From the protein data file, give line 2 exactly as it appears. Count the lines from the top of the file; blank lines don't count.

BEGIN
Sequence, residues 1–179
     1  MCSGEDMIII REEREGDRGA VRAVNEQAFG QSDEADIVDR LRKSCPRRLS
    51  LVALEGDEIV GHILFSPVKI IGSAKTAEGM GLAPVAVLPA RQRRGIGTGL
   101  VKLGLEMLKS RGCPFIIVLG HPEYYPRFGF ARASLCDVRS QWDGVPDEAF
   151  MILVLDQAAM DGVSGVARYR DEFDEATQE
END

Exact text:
     1  MCSGEDMIII REEREGDRGA VRAVNEQAFG QSDEADIVDR LRKSCPRRLS